MBB : PLAYING FOR KEEPS: Behind Jardine’s big game, SU edges rival Hoyas on road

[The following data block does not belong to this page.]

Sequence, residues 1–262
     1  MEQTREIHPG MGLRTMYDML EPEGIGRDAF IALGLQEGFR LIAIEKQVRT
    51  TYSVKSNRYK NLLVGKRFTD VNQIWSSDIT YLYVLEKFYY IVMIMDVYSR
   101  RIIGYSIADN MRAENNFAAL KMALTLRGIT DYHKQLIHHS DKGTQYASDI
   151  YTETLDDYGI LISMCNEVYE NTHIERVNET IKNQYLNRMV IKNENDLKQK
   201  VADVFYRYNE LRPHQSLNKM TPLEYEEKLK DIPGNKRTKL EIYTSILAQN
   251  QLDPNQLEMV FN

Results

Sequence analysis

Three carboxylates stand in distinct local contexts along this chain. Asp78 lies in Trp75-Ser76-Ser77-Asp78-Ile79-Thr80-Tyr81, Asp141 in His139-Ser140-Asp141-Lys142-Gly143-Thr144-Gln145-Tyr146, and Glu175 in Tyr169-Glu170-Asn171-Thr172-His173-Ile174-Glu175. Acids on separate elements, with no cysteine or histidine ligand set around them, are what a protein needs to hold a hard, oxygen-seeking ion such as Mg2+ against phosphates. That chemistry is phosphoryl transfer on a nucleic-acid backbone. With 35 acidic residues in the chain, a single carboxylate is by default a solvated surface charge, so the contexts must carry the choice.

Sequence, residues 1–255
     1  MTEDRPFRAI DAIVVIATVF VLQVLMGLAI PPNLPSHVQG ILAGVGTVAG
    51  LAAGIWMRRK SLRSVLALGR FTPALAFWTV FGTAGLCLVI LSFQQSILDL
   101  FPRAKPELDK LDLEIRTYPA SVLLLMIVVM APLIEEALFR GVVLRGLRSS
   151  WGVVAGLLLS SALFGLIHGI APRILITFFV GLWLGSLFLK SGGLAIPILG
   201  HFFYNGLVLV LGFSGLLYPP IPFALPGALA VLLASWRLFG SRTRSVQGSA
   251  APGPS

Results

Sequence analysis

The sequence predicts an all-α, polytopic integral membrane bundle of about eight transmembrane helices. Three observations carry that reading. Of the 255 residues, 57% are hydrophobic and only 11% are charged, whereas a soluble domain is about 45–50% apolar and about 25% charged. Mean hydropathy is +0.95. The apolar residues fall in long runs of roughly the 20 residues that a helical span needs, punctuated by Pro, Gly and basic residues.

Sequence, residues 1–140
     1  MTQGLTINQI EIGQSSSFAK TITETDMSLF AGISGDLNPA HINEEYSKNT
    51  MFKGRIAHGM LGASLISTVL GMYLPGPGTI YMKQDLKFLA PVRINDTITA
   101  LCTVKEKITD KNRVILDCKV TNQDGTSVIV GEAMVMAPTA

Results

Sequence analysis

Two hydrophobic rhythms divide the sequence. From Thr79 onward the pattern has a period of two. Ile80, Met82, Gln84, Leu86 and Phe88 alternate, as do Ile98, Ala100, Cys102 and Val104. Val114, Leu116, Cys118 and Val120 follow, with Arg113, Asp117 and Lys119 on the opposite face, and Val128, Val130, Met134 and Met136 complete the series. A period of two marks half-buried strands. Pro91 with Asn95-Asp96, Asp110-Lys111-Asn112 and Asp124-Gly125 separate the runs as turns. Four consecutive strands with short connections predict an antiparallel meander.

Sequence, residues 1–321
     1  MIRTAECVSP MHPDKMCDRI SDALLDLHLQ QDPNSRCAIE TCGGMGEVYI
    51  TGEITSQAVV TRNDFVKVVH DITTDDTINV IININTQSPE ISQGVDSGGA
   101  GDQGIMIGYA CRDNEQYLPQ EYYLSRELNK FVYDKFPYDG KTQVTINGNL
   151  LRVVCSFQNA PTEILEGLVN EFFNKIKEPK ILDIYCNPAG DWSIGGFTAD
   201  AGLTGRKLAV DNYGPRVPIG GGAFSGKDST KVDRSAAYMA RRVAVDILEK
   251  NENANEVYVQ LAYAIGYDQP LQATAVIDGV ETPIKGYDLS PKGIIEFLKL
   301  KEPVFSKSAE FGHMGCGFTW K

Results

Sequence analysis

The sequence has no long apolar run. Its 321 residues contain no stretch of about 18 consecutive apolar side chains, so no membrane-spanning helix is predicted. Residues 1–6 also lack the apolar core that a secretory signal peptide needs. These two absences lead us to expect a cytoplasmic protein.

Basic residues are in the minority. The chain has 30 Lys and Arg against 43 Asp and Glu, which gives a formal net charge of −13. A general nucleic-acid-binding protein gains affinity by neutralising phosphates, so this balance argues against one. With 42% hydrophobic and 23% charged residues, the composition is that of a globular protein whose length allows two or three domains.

first_imgWASHINGTON — Because he’s known Scoop Jardine since the seventh grade, Rick Jackson sees what Jardine refers to as ‘playground shots’ often. Playground shots like the 15-foot turnaround high-arch that swooshed into the basket Saturday or the gutsy 3-pointer right in the face of Georgetown’s Julian Vaughn.‘I think he just got comfortable,’ Jackson said. ‘He found a rhythm. When a guy finds a rhythm, it’s hard to stop him. That’s what happened today.’After leading Syracuse’s potent transition attack to near perfection in the first half, Jardine turned the Verizon Center court into his playground late in the second half as well. He had 17 points and seven assists orchestrating the SU offense, and his three late clutch shots helped the Orange (24-6, 11-6 Big East) hold on to a 58-51 win against No. 11 Georgetown (21-8, 10-7) in front of 20,276. The crowd was the largest ever for a Georgetown game in the Verizon Center.The win was No. 17 Syracuse’s fourth straight and second consecutive on the road against a ranked team. And it inched the Orange closer to a potential top-four spot in the Big East and double-bye in the conference tournament.And it couldn’t have happened without Jardine’s heroics.AdvertisementThis is placeholder text‘He made some big shots,’ Georgetown head coach John Thompson III said. ‘We made a run, and he hit one or two 3s. Those were big shots for them.’Those baskets came on the heels of a very different scene a couple of minutes earlier. A scene that featured Austin Freeman high-stepping his way down the court at the end of a seismic shift that gave Georgetown a two-point second-half lead over Syracuse.One possession earlier, Georgetown forward Nate Lubick tied the score with a backdoor cut in the Hoyas’ bread-and-butter Princeton offense. Lubick gave his team a lead for the first time since the 19:11 mark of the first half.A lot had changed since Jackson’s emphatic dunk at the 17:30 mark of the second half gave the Orange a commanding 12-point advantage.‘We just had to keep our composure,’ said SU forward James Southerland, who had nine points on the day. ‘No one getting down. Keep attacking. Keep going hard.’And on the very next possession, Syracuse got back to its own bread and butter with its transition offense, led by Jardine and freshman guard Dion Waiters. Waiters grabbed a rebound off a Markel Starks’ missed 3-pointer and streaked up the floor. Jardine ran right alongside. And Waiters found Jardine streaking on the left. He pulled up for a jumper to tie the game back up at 45-45.From there, Jardine took over. He scored seven of his 17 points in the crucial end-of-game stretch to pull the Orange back ahead.After SU took a 47-45 lead on a Jackson layup, Jardine arched a shot over a Georgetown defender to put the Orange up three. On the next possession, he started out in transition. Dribbling up, he stopped at the top of the key and nailed a 3-pointer.‘They were rhythm shots,’ Jardine said. ‘They were playground shots I knew we needed at that time. And I took it upon myself to take them.’Those playground shots shifted the balance from the first 13 minutes of the half, when the Hoyas took control and crept back from a double-digit deficit. They did so by stopping an SU transition attack that led the Orange to a 33-23 halftime lead. The Orange scored 14 of its 33 first-half points on the fast break.But in the second half, Georgetown made shots. The Hoyas shot 5-of-13 from beyond the arc in the second half, compared to just 2-of-12 (16.7 percent) in the first. And Syracuse couldn’t create turnovers or get out to quick possession starts off rebounds.‘In the first half, they were more conservative,’ SU guard Brandon Triche said. ‘In the second half, they knew they needed to shoot. So they started shooting them, and their guys made them. But we made plays when we needed to win.’The two biggest of those plays, SU head coach Jim Boeheim said, came from his point guard Jardine. And for Jackson, Jardine is the person the Orange looks to in tough situations.‘You look for your point guard to get into those gaps and find guys that are open,’ Jackson said. ‘I think he did a great job of that. … Guys tend to step off him, and that opens up the midrange for him to get those shots. And he made them.’[email protected] Facebook Twitter Google+ Commentscenter_img Published on February 25, 2011 at 12:00 pmlast_img read more